Moreover, on the eve of the Nevada caucuses last week, The Washington Post revealed that U.S. intelligence officials had informed Sanders that Russian President Vladimir Putin is attempting to help Sanders win the nomination, in hopes that he would be an easier opponent for President Trump.
At the top of the debate, Bloomberg took a pot shot at Sanders, saying, “Vladimir Putin thinks that Donald Trump is, should be president of the United States, and that’s why Russia is helping you get [nominated] so you’ll lose to him.”
An agitated Sanders responded: “Hey, Mr. Putin, trust me, if I’m president, you’re not going to interfere in any more American elections.”
The face-to-face confrontation among seven candidates also came just a week before voters head to the polls in 14 states next Tuesday, when more than a third of the delegates to the Democrats’ national nominating convention in July will be picked in a one-day marathon of voting from coast to coast.
Sanders won the popular vote in the first three nominating contests in Iowa, New Hampshire and Nevada, making it imperative for at least one of Sanders’ opponents to mount a serious challenge in the next week of voting or face the prospect that Sanders could soon amass an insurmountable lead in pledged delegates to the national convention.
Democrats apportion their pledged delegates to the national conclave based on the proportional outcome of the candidates’ vote totals throughout the 50 states and U.S. territories, not on a winner-take-all basis as is the case within the Republican Party. That gives Sanders a chance to add to his first-place standing in the count of pledged delegates as each state votes, even if he loses an individual state.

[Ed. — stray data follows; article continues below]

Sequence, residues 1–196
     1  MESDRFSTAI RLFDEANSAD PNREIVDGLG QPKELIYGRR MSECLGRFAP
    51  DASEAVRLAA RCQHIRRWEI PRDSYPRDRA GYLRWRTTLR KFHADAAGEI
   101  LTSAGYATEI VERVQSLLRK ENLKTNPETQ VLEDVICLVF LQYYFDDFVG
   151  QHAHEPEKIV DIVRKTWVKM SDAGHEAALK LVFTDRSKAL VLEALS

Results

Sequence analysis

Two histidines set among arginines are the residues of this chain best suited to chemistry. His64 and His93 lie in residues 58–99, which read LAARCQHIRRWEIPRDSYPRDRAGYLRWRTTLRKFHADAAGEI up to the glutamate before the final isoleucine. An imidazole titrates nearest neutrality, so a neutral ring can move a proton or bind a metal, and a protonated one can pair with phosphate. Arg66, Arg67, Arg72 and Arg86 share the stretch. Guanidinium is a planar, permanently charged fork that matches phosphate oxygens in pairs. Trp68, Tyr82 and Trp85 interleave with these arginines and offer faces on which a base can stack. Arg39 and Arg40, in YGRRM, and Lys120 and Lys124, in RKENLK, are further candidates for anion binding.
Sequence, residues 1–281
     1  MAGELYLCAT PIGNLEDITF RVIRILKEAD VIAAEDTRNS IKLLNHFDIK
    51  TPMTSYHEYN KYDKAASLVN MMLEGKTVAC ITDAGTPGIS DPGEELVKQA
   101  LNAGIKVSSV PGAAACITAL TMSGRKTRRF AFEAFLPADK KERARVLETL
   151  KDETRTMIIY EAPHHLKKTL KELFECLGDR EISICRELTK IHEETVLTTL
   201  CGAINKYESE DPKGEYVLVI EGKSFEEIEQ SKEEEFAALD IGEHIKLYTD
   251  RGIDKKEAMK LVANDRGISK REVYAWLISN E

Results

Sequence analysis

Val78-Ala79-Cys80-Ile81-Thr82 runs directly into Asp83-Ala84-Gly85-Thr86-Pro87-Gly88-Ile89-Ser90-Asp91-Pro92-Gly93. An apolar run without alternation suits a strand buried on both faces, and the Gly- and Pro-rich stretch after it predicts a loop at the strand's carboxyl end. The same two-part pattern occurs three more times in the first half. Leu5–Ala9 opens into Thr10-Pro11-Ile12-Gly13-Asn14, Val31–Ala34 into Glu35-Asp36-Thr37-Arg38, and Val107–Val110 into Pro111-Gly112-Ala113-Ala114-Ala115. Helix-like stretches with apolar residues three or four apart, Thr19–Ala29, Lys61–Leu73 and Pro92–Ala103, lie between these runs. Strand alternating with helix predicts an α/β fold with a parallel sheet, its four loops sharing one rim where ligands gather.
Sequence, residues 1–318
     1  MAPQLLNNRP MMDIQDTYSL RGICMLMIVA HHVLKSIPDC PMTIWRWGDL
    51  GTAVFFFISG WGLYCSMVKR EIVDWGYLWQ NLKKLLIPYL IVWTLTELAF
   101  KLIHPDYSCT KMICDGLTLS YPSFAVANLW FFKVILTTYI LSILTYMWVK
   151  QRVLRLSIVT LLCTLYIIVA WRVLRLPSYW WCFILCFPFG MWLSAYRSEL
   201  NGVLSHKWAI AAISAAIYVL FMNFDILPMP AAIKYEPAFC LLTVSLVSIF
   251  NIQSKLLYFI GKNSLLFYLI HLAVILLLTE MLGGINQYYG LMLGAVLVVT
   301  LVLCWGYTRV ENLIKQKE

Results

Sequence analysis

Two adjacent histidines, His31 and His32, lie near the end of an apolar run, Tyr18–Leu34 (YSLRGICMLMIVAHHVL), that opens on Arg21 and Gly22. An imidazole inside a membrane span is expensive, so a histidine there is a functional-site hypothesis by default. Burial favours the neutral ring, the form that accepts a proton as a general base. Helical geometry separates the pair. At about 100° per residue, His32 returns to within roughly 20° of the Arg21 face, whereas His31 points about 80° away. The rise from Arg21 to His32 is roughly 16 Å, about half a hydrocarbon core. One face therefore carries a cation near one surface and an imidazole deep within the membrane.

Former Vice President Joe Biden is narrowly ahead of Sanders in recent polling in South Carolina, with its 54 national delegates in play. But analysts have not discounted the possibility that Sanders could also win the state three days ahead of the March 3 voting, a day dubbed as Super Tuesday. when a massive haul of 1,357 delegates is at stake.
Biden, who once led national polls in the race to take on Trump, finished a distant second in last Saturday’s Nevada voting, and even further back in Iowa and New Hampshire.
The South Carolina polling shows wealthy environmentalist Tom Steyer, who has spent large sums on an advertising campaign in the state, could finish third in the balloting, which could lend modest momentum to his long shot candidacy. The surveys in the state show him ahead of former South Bend, Indiana, Mayor Pete Buttigieg, Warren and Minnesota Senator Amy Klobuchar.
“I expect to show that I can pull together a diverse coalition of Democrats, which is what we need to do in November of 2020 to beat Donald Trump,” Steyer told VOA’s Russian service after the debate.
Warren vs Bloomberg
For the second debate in a row, Warren attacked Bloomberg’s sexist and misogynistic comments toward female workers at his eponymous business information company that he founded, an enterprise that made him the 12th-richest person in the world.
In a heated exchange, Warren accused Bloomberg of suggesting to a woman who worked for him and had just announced her pregnancy to “kill it,” and have an abortion.
“I never said that,” he heatedly answered, later adding emphatically, “I categorically never said it.”